But even if the private ownership of the land within the Creek Reservation cannot be challenged, there are nevertheless certain important questions that arise. Perhaps first and foremost among these relates to the proper jurisdiction of the Creek Tribe in regulating conduct and economic relations within the Creek Reservation, especially with respect to parties who are not members of the tribe. For example, now that the Creek Reservation has been found to exist, can the tribal government pass its own laws regulating oil and gas exploration within the reservation’s boundaries? Similarly, can the tribal government impose its own tax on mineral production that occurs on land within the reservation? Questions such as these, which relate to the proper reach of tribal jurisdiction over the Creek Reservation, naturally raise corollary questions regarding the appropriate authority of the State over that same land. For example, since the Creek Reservation has been in continuous existence, does this mean that the oil and gas regulations adopted by the State of Oklahoma have no force and effect within the reservation? Are these state regulations, and all other such laws, now rendered null and void insofar as they attempt to regulate conduct on the reservation?
Because it was not necessary to the decision, the McGirt Court did not address questions, like the ones posed above, about how regulatory and jurisdictional issues should be resolved now that the continuing existence of the Creek Reservation has been established. It is the purpose of this article to discuss the applicable law in this area, with the view of providing some insight into how these issues will be analyzed in the future.
The situation presented here is one where an established Indian reservation remains in existence, but within the reservation itself lies certain land (in the present situation, a vast amount of land) that is privately owned by persons and entities that are both non-Indians and nonmembers of the relevant tribe. As it turns out, there have been many cases decided by the United States Supreme Court that specifically address the authority of a tribe to regulate activities on land that falls within the boundaries of its reservation but that is privately owned by nonmembers of the tribe. The seminal case in this area is Montana v. U.S., which was decided by the Supreme Court in 1981. Described relatively recently as “the most exhaustively reasoned of [the Supreme Court’s] modern cases addressing” tribal jurisdiction over nonmembers, it is now beyond doubt that the Montana decision sets forth the controlling legal framework for assessing a tribe’s potential regulatory power over non-Indian land within the tribe’s own reservation.
Montana involved the Crow Tribe, an Indian tribe with an existing reservation in what is now the State of Montana. Created by an 1868 treaty with the United States, the Crow Reservation was established approximately 20 years before Montana officially entered the Union as a state. After the reservation was created, however, a series of congressional allotment acts resulted in the private ownership of a significant portion of the land within the reservation. When the case reached the Supreme Court in 1981, approximately 69% of the reservation’s land was owned by the United States government in trust either for the Tribe itself or for individual tribal members. On the other hand, about 28% of the land was owned in “fee simple” by non-Indians. The term “fee simple,” often shortened merely to “fee” or expanded to “fee simple absolute,” is a legal term that simply denotes that the owner’s title to the land is free from limitations or conditions. It is by far how most people own their land.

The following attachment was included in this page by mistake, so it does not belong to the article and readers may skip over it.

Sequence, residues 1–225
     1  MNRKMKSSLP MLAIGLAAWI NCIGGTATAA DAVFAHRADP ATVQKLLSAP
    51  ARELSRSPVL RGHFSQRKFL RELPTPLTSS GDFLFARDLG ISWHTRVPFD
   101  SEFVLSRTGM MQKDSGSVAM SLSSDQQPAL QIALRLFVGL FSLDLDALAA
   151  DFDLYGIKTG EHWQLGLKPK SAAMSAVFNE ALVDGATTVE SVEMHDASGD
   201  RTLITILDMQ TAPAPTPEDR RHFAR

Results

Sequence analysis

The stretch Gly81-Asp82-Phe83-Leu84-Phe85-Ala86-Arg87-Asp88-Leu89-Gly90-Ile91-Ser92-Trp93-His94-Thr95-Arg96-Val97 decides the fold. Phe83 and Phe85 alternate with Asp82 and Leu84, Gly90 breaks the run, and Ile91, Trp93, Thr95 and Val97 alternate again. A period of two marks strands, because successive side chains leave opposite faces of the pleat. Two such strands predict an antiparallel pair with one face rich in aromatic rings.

Thus, twenty-eight percent of the land within the Crow Reservation was owned outright (that is, “in fee simple”) by non-Indians, though the Crow Reservation still embraced these lands. Beginning in the 1950s, the Crow Tribal Council began passing various resolutions regarding hunting and fishing within the reservation, and one of those resolutions absolutely prohibited the on-reservation hunting or fishing by any person who was not a member of the Crow Tribe. In effect, therefore, the Crow Tribe was attempting to prohibit hunting and fishing by any nonmember of the tribe, even if these activities took place on a portion of the approximately 28% of the reservation that was owned in fee by a non-Indian. The Montana Court was called upon to determine if this attempted exercise of tribal regulatory authority was permissible under the law.
In addressing this issue, the Court considered two different possible “sources” for the Tribe’s authority to regulate conduct on non-Indian fee land within the reservation. The first possible source was specific congressional acts, in the form of treaties or statutes, that might explicitly confer upon the Tribe the power to regulate nonmember activities on fee land. On the other hand, the second possible source was “inherent Indian sovereignty,” a federally recognized doctrine which establishes that Indian tribes, as a consequence of their unique status within the United States, retain some essential attributes of a sovereign power.